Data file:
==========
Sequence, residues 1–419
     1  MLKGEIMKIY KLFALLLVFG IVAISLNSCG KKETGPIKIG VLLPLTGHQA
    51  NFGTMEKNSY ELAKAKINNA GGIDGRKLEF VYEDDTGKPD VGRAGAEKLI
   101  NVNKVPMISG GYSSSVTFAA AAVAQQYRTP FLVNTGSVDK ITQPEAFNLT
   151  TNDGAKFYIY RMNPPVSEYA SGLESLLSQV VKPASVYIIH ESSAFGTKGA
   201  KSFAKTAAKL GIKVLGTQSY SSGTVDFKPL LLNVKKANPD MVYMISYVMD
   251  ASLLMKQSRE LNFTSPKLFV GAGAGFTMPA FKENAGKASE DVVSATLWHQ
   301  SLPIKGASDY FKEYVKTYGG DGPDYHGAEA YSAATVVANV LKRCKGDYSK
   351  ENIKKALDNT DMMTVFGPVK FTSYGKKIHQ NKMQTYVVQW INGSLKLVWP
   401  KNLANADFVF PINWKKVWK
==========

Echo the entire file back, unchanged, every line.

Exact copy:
Sequence, residues 1–419
     1  MLKGEIMKIY KLFALLLVFG IVAISLNSCG KKETGPIKIG VLLPLTGHQA
    51  NFGTMEKNSY ELAKAKINNA GGIDGRKLEF VYEDDTGKPD VGRAGAEKLI
   101  NVNKVPMISG GYSSSVTFAA AAVAQQYRTP FLVNTGSVDK ITQPEAFNLT
   151  TNDGAKFYIY RMNPPVSEYA SGLESLLSQV VKPASVYIIH ESSAFGTKGA
   201  KSFAKTAAKL GIKVLGTQSY SSGTVDFKPL LLNVKKANPD MVYMISYVMD
   251  ASLLMKQSRE LNFTSPKLFV GAGAGFTMPA FKENAGKASE DVVSATLWHQ
   301  SLPIKGASDY FKEYVKTYGG DGPDYHGAEA YSAATVVANV LKRCKGDYSK
   351  ENIKKALDNT DMMTVFGPVK FTSYGKKIHQ NKMQTYVVQW INGSLKLVWP
   401  KNLANADFVF PINWKKVWK